The danger of the NSA leak is different from the danger of withholding zero-day vulnerabilities entirely, but they are not completely unrelated. The problem with the NSA leak is that it has made some of the tools the NSA has used to exploit zero-day vulnerabilities available to countries like China and Russia (both very aggressive cyber-players on an international level). Many other companies implicated in the NSA leak have had to come forward and warn their own consumers and corporate clients that their products are vulnerable right now. The implications of the NSA leak are going to have real-world consequences on the data security of American consumers and companies.

On a broader scale, however, there is the question of which vulnerabilities get withheld and why. When government agencies find a zero-day (whether it buys the vulnerability or detects it on their own), there are two choices: disclose the vulnerability to the developer, or keep the zero-day to themselves for intelligence purposes. The decision is supposed to be determined through the Vulnerability Equities Process (VEP), in which the Information Assurance Directorate of the NSA and an interagency Equities Review Board review the vulnerability and vote to disclose or withhold.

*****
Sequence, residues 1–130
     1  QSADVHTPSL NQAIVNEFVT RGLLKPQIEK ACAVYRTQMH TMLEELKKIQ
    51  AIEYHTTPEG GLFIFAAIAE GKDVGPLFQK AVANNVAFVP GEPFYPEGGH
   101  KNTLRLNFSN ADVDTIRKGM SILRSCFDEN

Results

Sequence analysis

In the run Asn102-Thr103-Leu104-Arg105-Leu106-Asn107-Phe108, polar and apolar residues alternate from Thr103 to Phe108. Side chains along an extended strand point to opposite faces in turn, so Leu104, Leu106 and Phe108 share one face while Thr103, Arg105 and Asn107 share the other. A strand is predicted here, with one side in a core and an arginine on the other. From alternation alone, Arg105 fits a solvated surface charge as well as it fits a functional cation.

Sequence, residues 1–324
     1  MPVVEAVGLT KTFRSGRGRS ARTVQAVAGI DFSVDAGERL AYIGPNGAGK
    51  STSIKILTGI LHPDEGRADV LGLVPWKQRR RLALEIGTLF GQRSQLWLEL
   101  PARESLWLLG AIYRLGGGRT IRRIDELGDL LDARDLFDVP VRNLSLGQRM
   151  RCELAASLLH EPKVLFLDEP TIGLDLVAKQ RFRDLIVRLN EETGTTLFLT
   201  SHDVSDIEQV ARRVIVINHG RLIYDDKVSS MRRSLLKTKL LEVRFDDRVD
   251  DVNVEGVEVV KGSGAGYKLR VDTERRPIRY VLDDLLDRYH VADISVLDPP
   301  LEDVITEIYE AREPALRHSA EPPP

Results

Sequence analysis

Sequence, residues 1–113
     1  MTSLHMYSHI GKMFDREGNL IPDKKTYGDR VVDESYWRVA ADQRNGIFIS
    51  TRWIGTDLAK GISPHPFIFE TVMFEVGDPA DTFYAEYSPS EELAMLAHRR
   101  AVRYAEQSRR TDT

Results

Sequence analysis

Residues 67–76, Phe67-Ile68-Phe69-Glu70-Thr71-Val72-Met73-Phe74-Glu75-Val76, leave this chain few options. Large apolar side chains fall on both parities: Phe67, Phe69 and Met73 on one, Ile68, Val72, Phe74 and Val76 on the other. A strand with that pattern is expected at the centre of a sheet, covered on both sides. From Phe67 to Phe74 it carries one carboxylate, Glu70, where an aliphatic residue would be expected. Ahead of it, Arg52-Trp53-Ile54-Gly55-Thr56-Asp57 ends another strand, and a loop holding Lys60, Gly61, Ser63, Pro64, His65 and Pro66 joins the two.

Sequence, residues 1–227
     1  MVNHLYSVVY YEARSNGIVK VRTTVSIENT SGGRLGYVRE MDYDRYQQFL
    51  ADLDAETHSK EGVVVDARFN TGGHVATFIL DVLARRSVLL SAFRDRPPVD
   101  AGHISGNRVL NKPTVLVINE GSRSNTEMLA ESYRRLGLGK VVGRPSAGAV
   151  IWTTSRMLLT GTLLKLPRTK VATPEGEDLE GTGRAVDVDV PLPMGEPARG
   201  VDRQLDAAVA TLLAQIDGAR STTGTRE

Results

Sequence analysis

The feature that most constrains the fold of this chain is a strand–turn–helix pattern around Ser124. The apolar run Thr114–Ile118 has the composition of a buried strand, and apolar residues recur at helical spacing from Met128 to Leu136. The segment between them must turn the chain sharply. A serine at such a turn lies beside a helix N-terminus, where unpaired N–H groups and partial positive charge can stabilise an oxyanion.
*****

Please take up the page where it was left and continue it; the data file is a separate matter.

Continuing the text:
But there are problems with the VEP. The problem right now is not that the government is stockpiling all the vulnerabilities it finds; the government currently discloses 91% of the vulnerabilities it finds, with the other 9% either used operationally or eventually corrected by the developers themselves. The problem is that the process of ‘withhold or disclose’ currently lacks transparency. The White House did release a blog post in 2014 outlining some basic considerations (such as how much the vulnerability affects major infrastructure, the likelihood other groups have found the vulnerability, the value of intelligence that could be collected through the vulnerability), the formal criteria used in the VEP to make that decision is not available to the public, making the process frustrating for technology firms advocating for greater disclosures.

With many advocating for a VEP reform increasing transparency, what we need to understand are what the consequences of disclosing or withholding are for the government and technology firms.